UCLA pulls off a stunning win over USC, but is it enough to save Chip Kelly's job?

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The game started under a thicket of silver and gray clouds. It ended even more ominously for the home team.

As USC players trudged sullenly toward the tunnel at the Coliseum, their UCLA counterparts sprinted across the field to reclaim the Victory Bell painted in red, at least for the moment.

The celebratory tour made its next stop in a corner of the stadium overflowing with jubilant Bruins fans who chanted a vulgar two-word sendoff for fellow rivals headed to the Big Ten.

The revelry was just getting started.

With a helpful tug from UCLA athletic director Martin Jarmond, the bell made its way up the tunnel and into the Bruins locker room. That’s where Chip Kelly rang it in celebration of his team’s 38-20 victory, drowning out the noise that had surrounded the beleaguered coach all week.

“Didn’t bother this team one bit,” Kelly said of the speculation about his job status, “and you could see by the performance today.”

In a game matching strength (USC’s offense) versus strength (UCLA’s defense) and weakness (USC’s defense) versus weakness (UCLA’s offense), the Bruins dominated across the board while pulling together to win one for the Chipper.

The showing was all the more stunning considering it came only a week after a limp performance against Arizona State in which UCLA managed only seven points.

The Bruins’ offense sprung back to life under quarterback Ethan Garbers, who threw for 155 yards and three touchdowns after sitting out last week’s loss because of a foot injury. Two of the touchdowns went to tight end Hudson Habermehl, who slipped two tackles and plunged into the end zone between three defenders on a 15-yard catch early in the fourth.

“Today was probably one of the better days of my life for, sure,” Garbers said shortly after a smiling Kelly waved at him through a hole in the back of the media tent. “Had some dreams about this as a little kid.”

UCLA running back T.J. Harden helped make them come true, snagging a seven-yard touchdown pass early in the third quarter to extend the Bruins’ advantage to 21-10. Harden also ran for the game’s first score on a one-yard touchdown out of the T formation and finished with a career-high 142 yards rushing in 22 carries.

Putting USC’s running game on lockdown while keeping quarterback Caleb Williams on the run in what might have been his final game as a Trojan, UCLA’s defense gave up only three rushing yards and sacked Williams four times. Williams rolled up 384 passing yards but managed one touchdown while failing to sustain a rhythm as USC (7-5, 5-4) lost for the fifth time in six games.

“You may lose a close one here and there where it’s just right there one play here and there,” Trojans coach Lincoln Riley said, “but to not give yourself a chance like today, it’s unacceptable. So I gotta be better. There’s no way to look at this and say I did any kind of a good job and got the result that we did in the second half of the season. So I gotta be better in every single way possible.”

UCLA (7-4, 4-4) also forced three turnovers while committing none. The game was essentially decided early in the third quarter when Bruins cornerback Jaylin Davies knocked the ball out of running back MarShawn Lloyd’s hands, allowing nickel back Alex Johnson to scoop up the fumble and run 11 yards into the end zone.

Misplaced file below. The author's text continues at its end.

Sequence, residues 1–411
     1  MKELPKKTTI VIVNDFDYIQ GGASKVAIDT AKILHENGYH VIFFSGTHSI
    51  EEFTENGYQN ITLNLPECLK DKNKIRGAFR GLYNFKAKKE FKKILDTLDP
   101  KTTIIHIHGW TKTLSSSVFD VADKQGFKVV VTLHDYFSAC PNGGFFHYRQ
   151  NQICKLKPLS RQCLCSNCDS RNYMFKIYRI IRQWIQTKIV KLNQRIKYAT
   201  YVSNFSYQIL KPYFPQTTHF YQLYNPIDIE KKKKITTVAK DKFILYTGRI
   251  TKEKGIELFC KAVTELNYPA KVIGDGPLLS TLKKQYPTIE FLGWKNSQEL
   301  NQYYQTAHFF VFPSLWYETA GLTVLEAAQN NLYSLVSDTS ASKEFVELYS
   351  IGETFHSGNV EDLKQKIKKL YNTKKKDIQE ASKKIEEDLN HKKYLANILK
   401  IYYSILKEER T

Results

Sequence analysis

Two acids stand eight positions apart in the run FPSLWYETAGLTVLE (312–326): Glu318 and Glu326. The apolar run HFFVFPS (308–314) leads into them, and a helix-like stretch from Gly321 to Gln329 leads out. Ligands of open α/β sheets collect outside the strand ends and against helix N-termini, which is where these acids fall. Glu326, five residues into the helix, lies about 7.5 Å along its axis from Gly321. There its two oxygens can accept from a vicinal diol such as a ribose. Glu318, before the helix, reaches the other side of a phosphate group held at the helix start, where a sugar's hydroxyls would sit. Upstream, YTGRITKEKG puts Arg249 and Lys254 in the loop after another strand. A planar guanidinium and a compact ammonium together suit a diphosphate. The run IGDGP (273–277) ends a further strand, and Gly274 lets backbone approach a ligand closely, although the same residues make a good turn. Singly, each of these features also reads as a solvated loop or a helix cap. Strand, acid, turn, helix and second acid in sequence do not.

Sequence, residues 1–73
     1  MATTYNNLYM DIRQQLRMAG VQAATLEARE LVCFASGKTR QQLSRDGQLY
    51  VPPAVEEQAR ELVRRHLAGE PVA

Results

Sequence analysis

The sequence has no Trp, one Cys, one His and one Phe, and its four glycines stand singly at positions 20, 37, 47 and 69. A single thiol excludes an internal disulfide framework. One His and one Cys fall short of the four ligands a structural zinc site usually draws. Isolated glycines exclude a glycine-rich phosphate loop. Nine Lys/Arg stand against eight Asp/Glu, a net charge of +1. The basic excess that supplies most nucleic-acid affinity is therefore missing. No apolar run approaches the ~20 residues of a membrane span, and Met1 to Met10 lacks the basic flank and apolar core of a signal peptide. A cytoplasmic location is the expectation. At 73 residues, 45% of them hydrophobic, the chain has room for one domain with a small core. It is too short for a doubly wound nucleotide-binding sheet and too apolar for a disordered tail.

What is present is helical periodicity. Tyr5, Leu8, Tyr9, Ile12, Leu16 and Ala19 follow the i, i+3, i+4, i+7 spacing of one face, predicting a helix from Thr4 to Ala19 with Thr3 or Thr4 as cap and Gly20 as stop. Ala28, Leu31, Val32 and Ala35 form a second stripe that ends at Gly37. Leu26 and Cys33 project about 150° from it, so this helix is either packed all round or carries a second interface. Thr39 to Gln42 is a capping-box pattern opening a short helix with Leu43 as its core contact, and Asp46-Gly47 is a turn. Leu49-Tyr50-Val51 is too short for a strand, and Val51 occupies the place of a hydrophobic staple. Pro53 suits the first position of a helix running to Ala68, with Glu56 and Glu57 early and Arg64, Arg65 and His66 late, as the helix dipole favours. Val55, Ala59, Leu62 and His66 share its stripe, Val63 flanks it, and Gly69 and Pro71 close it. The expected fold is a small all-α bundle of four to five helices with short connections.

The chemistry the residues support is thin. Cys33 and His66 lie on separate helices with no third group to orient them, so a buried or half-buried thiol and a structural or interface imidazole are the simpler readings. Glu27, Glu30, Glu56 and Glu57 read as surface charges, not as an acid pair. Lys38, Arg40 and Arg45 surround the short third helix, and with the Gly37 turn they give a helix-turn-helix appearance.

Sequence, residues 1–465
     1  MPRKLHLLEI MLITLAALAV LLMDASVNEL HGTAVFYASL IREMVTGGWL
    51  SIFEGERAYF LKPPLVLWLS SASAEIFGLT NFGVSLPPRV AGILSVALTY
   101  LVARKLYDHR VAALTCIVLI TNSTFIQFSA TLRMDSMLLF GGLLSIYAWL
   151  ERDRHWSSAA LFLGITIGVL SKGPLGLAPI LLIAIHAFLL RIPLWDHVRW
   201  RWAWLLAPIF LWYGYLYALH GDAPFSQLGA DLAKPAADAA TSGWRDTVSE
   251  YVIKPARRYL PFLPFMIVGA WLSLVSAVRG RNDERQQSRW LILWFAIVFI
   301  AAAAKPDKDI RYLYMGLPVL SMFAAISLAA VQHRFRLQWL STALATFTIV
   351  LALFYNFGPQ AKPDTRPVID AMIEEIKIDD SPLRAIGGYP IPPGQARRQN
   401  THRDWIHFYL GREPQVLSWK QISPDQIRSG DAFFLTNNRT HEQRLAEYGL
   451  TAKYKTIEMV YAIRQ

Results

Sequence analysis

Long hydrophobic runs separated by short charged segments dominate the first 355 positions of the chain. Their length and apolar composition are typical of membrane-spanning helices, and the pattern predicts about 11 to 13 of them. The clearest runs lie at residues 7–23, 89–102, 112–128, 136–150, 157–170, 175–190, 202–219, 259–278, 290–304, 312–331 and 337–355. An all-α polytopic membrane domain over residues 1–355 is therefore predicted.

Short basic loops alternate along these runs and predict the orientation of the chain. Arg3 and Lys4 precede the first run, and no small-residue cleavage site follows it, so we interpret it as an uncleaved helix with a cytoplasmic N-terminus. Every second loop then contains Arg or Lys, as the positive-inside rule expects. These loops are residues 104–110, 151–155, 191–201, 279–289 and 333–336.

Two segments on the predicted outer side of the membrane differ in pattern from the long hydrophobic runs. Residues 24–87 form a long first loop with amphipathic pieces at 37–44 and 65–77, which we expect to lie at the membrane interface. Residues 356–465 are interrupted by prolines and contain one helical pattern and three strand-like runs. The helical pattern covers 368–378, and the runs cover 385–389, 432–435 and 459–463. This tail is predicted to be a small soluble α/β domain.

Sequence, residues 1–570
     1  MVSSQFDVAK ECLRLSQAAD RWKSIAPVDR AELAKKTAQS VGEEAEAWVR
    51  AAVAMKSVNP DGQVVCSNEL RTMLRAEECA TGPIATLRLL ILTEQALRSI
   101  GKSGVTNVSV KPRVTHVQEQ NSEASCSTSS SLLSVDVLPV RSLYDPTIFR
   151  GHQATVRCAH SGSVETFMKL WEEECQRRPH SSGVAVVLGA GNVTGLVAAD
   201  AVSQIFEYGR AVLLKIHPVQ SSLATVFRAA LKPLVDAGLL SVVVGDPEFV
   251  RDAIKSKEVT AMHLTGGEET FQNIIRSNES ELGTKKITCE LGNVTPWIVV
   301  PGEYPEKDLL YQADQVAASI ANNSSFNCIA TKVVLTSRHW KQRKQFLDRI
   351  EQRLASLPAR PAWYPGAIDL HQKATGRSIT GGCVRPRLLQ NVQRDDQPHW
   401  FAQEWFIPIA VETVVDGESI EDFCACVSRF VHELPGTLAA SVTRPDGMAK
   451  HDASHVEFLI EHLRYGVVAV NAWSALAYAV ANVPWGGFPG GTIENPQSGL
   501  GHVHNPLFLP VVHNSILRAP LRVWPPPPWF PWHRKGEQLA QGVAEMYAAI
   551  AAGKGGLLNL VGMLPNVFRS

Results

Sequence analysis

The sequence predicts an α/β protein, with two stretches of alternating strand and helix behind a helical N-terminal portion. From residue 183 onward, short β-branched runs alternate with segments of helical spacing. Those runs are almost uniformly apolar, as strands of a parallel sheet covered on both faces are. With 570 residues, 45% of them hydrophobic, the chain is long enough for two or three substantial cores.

UCLA’s lead stood at 28-10, the only blemish coming when edge rusher Carl Jones Jr. flung the ball into the stands instead of giving it to his teammate.

“I talked to Carl,” Kelly deadpanned. “He told me he loved me and I was like ‘That doesn’t soften the blow.’”

Kelly said he was not troubled by a Bruin Report Online story early in the week stating he was likely to be fired.

After a UCLA official informed Kelly about the report, the coach said, Jarmond told him “it was inaccurate, inappropriate. I said, ‘All right, let’s go back to work.’

“I don’t pay attention to that stuff. I don’t read that stuff, I’ve never seen that stuff — I talk about being the most prepared and the least distracted.

“Then, why would I let something distract me? And if that’s the case, then I’m a fool ‘cause I’m not doing what I tell our players to do.”

As evidence of how locked in his team was, Kelly relayed a story about edge rusher Laiatu Latu being informed this week he was a finalist for the Lombardi Award that goes to the nation’s top lineman. When Kelly told him he intended to share the news with the team, Latu told him not to.

“I just want to win the game this week,” Latu said.

After clobbering Williams on back-to-back plays for sacks that forced a field goal and making a team-high seven tackles, Latu shared a hug with his mother, Kerry.

There were lots of tender moments among the Bruins. Kelly retold the story of legendary UCLA coach Terry Donahue advising him to beat the Trojans, noting he had gone 10-9 in the rivalry.

With the win in the teams’ final game as Pac-12 rivals, Kelly’s record against USC stands at 3-3.

The coach might have just won himself a chance to keep coaching in the rivalry for years to come.

“I mean, this entire performance was for him,” Garbers said. “It shows a lot about our team and a lot about his culture that we can come from last week … and come out and do this and really shock the world a little bit.”

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